Our dear roommate has returned to Wisconsin, however John and I have been chatting over a few awesome books that he’s reading lately. I haven’t read a few of them, and I asked if he would give them a quick review for the blog to see if people would be interested in reading some material on decision sciences and the art of influence and communication. I have read a few audio books that I just adore on decision making, and really overall understanding of why we are trapped in certain behaviors or say certain things.
Anyway, on to the main event of John’s review – thank you so much for contributing to my blog to keep the content well rounded!! I sure appreciate it!
Influence: The Psychology of Persuasion, by Robert Cialdini
#1 recommended book by Charlie Munger, longtime vice-president of Berkshire Hathaway and best friend of Warren Buffett. Cialdini, a renowned Ph.D pychologist, uses extensive, evidence-based research to dissect why we (humans) often act the way we do. Master persuasion and compliance are composed of six principles: reciprocity, commitment and consistency, liking, social proof, authority, scarcity. Each concept and chapter is supported by a bevy of examples and applications. The concepts carry the potential to be interconnected. When the themes work in conjunction the subsequent bias-based behavior tends to be even stronger. For example, Tupperware parties are often run by a Tupperware “consultant” for a community host who invites friends and neighbors into their home. The Tupperware business model uses reciprocity (partygoers first play games and receive free prizes before any buying begins), commitment (each member publicly describes the uses and benefits of Tupperware they already own) and social proof (once the buying begins each purchase is seen by other partygoers, reinforcing the idea that the product “must be good”. This is a book I strongly recommend and plan to revisit several times.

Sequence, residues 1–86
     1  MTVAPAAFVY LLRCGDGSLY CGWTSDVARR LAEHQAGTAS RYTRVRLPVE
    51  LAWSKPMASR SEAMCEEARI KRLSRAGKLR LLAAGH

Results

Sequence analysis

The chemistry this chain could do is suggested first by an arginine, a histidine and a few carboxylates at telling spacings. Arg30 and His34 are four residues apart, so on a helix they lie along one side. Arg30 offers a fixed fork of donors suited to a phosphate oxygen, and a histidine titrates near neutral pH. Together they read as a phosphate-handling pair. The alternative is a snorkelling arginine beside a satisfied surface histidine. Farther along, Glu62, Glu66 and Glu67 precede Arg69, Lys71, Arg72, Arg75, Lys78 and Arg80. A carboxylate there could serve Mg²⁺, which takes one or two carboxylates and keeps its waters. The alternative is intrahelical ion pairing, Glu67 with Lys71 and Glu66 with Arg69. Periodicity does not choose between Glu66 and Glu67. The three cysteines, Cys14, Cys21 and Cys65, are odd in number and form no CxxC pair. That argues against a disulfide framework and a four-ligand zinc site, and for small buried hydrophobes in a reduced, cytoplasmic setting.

I came across this book as a recommended read by Mark Zuckerburg, founder and CEO of Facebook. Ed Catmull, President and co-founder (with Steve Jobs) of Pixar describes the inner workings of a company that aims to deliver an inspiring animated film. I recommend this book for any type of manager or individual that identifies with a leadership position. Catmull is certainly perceived as a motivated, hard-working entrepreneur. Yet I was most impressed by his emphasis on candor and integrity. A wonderful model of humility-Catmull describes the value of a team-based approach, rejecting the forces that may lead to a overinflated ego. I value Ed first as a talented storyteller and more importantly, as a man of high character and integrity. Creativity, Inc is an easy read and gives the audience a snapshot into the culture that drives Pixar to create innovative and inspiring animated films.
I am looking forward to getting my hands on these books and many more… I forget how much I enjoy a good book, until I’m about half way through… Thanks John!